Bioactive glass granules versus standard autologous and allogeneic bone grafts: a randomized trial of 49 adult bone tumor patients with a 10-year follow-up

Authors

  • Hannu T Aro Department of Orthopaedic Surgery and Traumatology, Turku University Hospital and University of Turku, Turku https://orcid.org/0000-0003-3118-9144
  • Ville-Valtteri Välimäki Department of Orthopaedic Surgery and Traumatology, Turku University Hospital and University of Turku, Turku
  • Niko Strandberg Department of Orthopaedic Surgery and Traumatology, Turku University Hospital and University of Turku, Turku
  • Petteri Lankinen Department of Orthopaedic Surgery and Traumatology, Turku University Hospital and University of Turku, Turku
  • Eliisa Löyttyniemi Unit of Biostatistics, Department of Clinical Medicine, University of Turku, Turku
  • Virva Saunavaara Turku PET Center, University of Turku and Turku University Hospital, and Department of Medical Physics, Division of Medical Imaging, Turku University Hospital, Turku https://orcid.org/0000-0001-7858-5924
  • Marko Seppänen Department of Clinical Physiology, Nuclear Medicine and Turku PET Centre, University of Turku and Turku University Hospital, Turku, Finland

DOI:

https://doi.org/10.2340/17453674.2022.2808

Keywords:

Bone graft, Bone tumours, Nuclear medicine, RCT

Abstract

Background and purpose: As a synthetic bone void filler, bioactive glasses (BGs) may enhance angiogenesis and osteogenesis. In this randomized trial, we compared the clinical efficacy of BG granules and standard bone grafts in patients undergoing surgery for benign bone tumors.
Patients and methods: 49 recruited patients were randomized to receive BG granules or undergo conventional bone grafting to fill defects following tumor removal. As the standard of care, small-sized defects were filled with autologous graft, and large-sized defects were filled with allogeneic graft. The primary endpoint was treatment success at 1 year, defined by no reoperation, no tumor recurrence, and no device-related adverse events. Secondary endpoints included patient-reported outcomes (Rand-36 and pain scores) and quantitative assessment of blood flow and metabolic activity by means of 18F-fluoride PET/CT imaging. As an off-trial group, 15 children and adolescents (age < 18 years) underwent tumor removal and BG-filling, without randomization.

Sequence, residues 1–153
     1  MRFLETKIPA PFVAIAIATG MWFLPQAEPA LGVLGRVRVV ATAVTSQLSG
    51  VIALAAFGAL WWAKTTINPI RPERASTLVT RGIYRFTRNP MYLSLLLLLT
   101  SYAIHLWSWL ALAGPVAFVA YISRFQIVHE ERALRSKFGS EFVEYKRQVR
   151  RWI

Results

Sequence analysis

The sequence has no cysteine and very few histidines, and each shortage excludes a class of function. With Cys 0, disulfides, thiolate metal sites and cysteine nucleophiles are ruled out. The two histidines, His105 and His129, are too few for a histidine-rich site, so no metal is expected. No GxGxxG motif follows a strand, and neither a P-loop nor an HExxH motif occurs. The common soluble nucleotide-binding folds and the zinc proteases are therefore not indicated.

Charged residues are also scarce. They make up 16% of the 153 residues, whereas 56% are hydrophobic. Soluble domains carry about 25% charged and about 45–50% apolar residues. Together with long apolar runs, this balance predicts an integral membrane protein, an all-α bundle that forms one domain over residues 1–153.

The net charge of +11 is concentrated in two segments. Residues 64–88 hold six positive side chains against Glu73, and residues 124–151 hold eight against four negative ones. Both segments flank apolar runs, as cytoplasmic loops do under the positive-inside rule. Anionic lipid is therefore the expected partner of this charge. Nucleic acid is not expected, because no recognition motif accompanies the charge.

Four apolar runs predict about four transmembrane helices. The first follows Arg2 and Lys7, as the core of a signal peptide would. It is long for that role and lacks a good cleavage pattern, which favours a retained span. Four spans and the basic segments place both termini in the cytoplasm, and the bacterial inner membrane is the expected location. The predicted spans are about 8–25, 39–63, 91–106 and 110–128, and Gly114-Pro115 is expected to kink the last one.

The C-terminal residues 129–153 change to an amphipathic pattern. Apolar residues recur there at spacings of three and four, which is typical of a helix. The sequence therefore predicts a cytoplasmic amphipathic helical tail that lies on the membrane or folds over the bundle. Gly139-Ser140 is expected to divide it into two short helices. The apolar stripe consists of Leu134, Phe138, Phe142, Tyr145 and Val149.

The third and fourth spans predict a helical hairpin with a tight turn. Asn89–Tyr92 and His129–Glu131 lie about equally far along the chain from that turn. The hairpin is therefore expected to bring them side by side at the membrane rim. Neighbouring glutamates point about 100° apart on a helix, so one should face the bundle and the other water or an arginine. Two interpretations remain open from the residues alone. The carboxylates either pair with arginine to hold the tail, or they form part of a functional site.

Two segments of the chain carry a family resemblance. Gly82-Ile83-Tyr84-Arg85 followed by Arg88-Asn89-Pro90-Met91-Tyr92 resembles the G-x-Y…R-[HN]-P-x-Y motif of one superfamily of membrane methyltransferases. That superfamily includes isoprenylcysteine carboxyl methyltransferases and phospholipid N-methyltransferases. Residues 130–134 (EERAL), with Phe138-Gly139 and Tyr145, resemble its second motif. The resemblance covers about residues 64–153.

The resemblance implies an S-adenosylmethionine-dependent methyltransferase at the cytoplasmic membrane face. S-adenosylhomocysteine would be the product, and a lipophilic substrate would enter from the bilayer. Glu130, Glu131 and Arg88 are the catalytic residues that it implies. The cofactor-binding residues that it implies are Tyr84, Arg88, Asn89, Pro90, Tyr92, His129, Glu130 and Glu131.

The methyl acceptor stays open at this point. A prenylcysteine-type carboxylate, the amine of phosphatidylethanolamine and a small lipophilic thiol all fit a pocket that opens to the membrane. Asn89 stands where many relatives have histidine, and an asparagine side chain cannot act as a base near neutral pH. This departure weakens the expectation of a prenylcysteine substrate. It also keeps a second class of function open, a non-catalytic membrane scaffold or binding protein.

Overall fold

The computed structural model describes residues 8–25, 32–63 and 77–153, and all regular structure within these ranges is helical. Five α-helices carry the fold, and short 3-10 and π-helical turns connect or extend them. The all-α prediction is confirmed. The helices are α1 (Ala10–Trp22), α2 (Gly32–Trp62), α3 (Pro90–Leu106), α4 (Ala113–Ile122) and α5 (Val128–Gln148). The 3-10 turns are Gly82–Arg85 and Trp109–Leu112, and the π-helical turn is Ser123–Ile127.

Results: At 1-year, 21 of 25 BG-treated patients (risk estimate 0.84, 95% confidence interval [CI] 0.70–0.98) and 20 of 24 patients in the standard of care group (0.83, CI 0.68–0.98) met the criteria for treatment success. The groups had similar Rand-36 scores. In patients with small defects, BG filling was associated with shorter operative time and less postoperative pain at 1 month. In patients with large defects, blood flow was similar, but BG-filled defects showed higher metabolic activity than allograft-filled defects at 1-year. The survey of the postoperative period ≥10 years revealed no BG-related adverse events.
Interpretation: BG granules had similar overall rates of treatment success compared with autografts and allografts, but large-scale trials are needed for the confirmation of clinical equivalence. The extended metabolic activity confirms the expected cellular responses of osseointegrated BG granules.

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Published

2022-06-01

How to Cite

Aro, H. T., Välimäki, V.-V., Strandberg, N., Lankinen, P., Löyttyniemi, E., Saunavaara, V., & Seppänen, M. (2022). Bioactive glass granules versus standard autologous and allogeneic bone grafts: a randomized trial of 49 adult bone tumor patients with a 10-year follow-up. Acta Orthopaedica, 93, 519–527. https://doi.org/10.2340/17453674.2022.2808

Issue

Section

Randomized clinical trial

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